Published January 13, 2021

By Amy Vames

A new grant-funded initiative will help central New Jerseyans share their stories about how COVID-19 threatened one of their most fundamental needs: a home.

Individuals and families in central New Jersey who faced homelessness because of the COVID-19 pandemic will be able to share their experiences and stories in a podcast and other venues, thanks to a $50,000 grant from the Henry Luce Foundation.

The grant will support The Shelter Project, a collaborative effort by Rutgers University–New Brunswick, New Brunswick Theological Seminary, and coLAB Arts, a New Brunswick-based organization that connects artists with community partners.

The project will comprise a six-episode podcast, several virtual or live events in spring 2021, and new curricula at Rutgers and the seminary. The collaboration grew out of a spring 2020 grant of $150,000 from the Luce Foundation that provided direct financial assistance to more than 120 people in 32 households, helping them secure housing. The grant also assisted some of the individuals with obtaining legal and social services related to domestic violence, early release from prison, and immigration.

Going through the process of helping community members enabled Rutgers and the seminary, with assistance from the Affordable Housing Corporation of the Reformed Church of Highland Park, New Jersey, to identify people in central New Jersey threatened with homelessness because of the pandemic.

The collaborators realized that others in the community could benefit from hearing the stories of people helped by the grant. The Luce Foundation agreed and provided the second grant to fund the recording and dissemination of those stories by students at Rutgers and the seminary, assisted by the Rutgers Oral History Archives.

“It’s an attempt to turn the work that humanities scholars do in a more public-facing direction,” says Colin Jager, a professor of English at the School of Arts and Sciences and director of Rutgers’ Center for Cultural Analysis. The project “will include folks who usually are just talked about by humanities scholars and make them part of the actual production of knowledge,” he adds.

The project, according to the partners’ grant application to the Luce Foundation, will provide “a space for rich multi-theological and multi-religious reflections on the stories and experiences that are being narrated and represented.” The participants’ reflections on faith and religion as an element of their lives will also be an important element of new curricula to be created by Rutgers and the theological seminary.

Kristin O’Brassill-Kulfan, assistant teaching professor and coordinator of public history at the School of Arts and Sciences, worked with the Oral History Archives to train students in collecting, recording, and transcribing oral histories. The Shelter Project, she says, is a good example of “public humanities,” a concept in higher education that aims to make the humanities—which includes such disciplines as literature, history, philosophy, and the arts—more relatable and relevant to people outside of academia.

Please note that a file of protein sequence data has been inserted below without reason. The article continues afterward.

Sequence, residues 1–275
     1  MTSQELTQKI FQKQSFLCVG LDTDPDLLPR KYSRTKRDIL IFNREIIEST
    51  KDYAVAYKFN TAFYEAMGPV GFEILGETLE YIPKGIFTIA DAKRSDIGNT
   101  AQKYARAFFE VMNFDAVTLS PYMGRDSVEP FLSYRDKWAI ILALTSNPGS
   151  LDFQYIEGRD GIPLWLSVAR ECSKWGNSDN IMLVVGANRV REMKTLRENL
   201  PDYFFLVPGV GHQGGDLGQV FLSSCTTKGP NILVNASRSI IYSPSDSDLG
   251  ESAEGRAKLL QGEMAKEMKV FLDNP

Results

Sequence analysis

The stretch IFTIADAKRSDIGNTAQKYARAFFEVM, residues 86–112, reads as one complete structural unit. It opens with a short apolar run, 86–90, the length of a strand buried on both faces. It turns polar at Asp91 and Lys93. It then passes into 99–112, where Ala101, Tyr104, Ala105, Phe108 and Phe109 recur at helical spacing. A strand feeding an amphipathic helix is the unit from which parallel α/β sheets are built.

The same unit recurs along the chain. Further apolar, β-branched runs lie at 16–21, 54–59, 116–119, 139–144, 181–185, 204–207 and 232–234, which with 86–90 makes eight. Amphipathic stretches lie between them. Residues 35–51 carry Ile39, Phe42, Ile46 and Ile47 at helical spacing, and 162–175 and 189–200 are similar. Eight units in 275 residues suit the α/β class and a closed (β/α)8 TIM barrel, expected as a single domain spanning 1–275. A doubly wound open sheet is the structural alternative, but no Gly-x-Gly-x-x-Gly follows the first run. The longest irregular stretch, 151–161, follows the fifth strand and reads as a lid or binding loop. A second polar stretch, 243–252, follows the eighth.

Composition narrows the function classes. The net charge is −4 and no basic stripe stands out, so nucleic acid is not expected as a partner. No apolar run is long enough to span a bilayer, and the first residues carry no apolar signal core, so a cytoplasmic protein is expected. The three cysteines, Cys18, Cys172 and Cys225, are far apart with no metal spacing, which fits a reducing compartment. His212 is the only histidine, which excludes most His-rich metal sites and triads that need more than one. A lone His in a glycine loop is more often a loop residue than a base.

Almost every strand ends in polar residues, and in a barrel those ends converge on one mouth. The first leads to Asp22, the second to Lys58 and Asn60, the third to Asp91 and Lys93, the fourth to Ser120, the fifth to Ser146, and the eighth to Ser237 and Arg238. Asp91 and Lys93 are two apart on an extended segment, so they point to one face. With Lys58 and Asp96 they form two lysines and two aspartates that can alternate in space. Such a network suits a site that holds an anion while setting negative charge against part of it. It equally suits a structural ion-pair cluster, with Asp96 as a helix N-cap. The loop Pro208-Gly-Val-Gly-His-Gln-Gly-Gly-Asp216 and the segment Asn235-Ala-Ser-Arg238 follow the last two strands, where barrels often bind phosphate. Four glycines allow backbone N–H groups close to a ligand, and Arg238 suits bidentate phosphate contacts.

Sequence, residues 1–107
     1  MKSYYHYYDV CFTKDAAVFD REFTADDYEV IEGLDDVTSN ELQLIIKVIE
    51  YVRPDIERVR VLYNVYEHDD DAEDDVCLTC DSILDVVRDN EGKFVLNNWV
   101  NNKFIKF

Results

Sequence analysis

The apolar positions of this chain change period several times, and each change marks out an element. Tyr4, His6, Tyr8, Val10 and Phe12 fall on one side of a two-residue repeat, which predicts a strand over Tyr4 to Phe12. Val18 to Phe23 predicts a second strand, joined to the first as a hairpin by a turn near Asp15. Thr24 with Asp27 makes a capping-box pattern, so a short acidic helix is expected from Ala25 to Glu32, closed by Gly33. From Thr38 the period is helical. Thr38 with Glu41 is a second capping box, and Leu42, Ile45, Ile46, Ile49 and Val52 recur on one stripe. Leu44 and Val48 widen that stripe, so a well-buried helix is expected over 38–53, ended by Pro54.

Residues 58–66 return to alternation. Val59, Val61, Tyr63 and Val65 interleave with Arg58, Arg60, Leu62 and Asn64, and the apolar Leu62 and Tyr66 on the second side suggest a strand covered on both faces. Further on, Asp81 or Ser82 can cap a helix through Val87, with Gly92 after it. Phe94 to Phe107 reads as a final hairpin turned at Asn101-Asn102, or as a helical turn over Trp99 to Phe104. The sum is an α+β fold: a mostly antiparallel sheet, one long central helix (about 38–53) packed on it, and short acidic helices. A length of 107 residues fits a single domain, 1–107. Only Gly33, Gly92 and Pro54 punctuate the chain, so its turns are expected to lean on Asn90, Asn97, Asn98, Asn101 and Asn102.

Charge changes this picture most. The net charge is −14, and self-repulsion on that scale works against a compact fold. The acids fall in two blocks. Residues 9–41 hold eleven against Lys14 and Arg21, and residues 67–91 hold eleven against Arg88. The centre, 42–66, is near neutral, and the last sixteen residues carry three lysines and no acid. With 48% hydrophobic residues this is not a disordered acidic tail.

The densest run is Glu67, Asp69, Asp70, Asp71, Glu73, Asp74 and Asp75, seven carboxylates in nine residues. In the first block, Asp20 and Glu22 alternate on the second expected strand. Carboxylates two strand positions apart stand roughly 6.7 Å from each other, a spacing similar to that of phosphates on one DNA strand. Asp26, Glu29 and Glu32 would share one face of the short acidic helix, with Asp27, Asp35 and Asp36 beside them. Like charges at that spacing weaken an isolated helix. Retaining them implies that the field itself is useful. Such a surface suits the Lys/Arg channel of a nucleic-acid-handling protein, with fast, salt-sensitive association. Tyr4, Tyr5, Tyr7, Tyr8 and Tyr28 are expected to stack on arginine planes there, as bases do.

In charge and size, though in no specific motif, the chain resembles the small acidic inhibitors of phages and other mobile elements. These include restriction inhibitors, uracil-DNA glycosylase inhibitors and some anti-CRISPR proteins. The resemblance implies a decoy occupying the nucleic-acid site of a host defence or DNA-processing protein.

Knowledge and scholarship “should not be just a one-way street coming from the academy out to the general public,” O’Brassill-Kulfan says. The goal of the Shelter Project is to “create a record of pandemic experience that showcases the whole story and allows people to speak for themselves,” she adds.

The project is “an opportunity for self-reflection on the part of an academic institution like Rutgers,” Jager says. “Who is our public? What does it mean to be the state university of New Jersey? What does it mean for us to pay attention to the experiences of our most vulnerable neighbors? We don’t have any easy answers but we’re hoping we will get a more sophisticated sense of who we are talking to and how we talk to them.”

The knowledge created by the people telling their stories will come back to the university in the form of curriculum at Rutgers and the seminary and could help humanities students decide what direction they want their careers to take. Nathan Jérémie-Brink, the L. Russell Feakes Assistant Professor of the History of Global Christianity at the seminary, says, “For some students, these are experiences that will offer them a new way of thinking about their own vocation. What do they want to invest their life in doing?”

“I hope that people will hear these stories as the voices of their neighbors and have a sense that housing insecurity and food insecurity are not inevitable, that there are structural reasons they exist,” O’Brassill-Kulfan says. She also hopes that initiatives like The Shelter Project will help the public understand that the humanities are not a “frivolous” discipline with little application to individuals’ daily lives. “The humanities,” she adds, “offer us tools to document and share human experience across communities in order to increase empathy.”

The Henry Luce Foundation seeks to enrich public discourse by promoting innovative scholarship, cultivating new leaders, and fostering international understanding. The foundation advances its mission through grantmaking and leadership programs in the fields of Asia, higher education, religion and theology, art, and public policy. It was established in 1936 by Henry R. Luce, the co-founder and editor in chief of Time, Inc.

“In conjunction with the Henry Luce Foundation’s response to the COVID-19 pandemic, we are very pleased to support this ongoing collaboration between Rutgers University’s Center for Cultural Analysis and New Brunswick Theological Seminary,” says Luce Foundation program director Jonathan VanAntwerpen.

Support in Crisis

Support student emergency funds and COVID-19 research at Rutgers.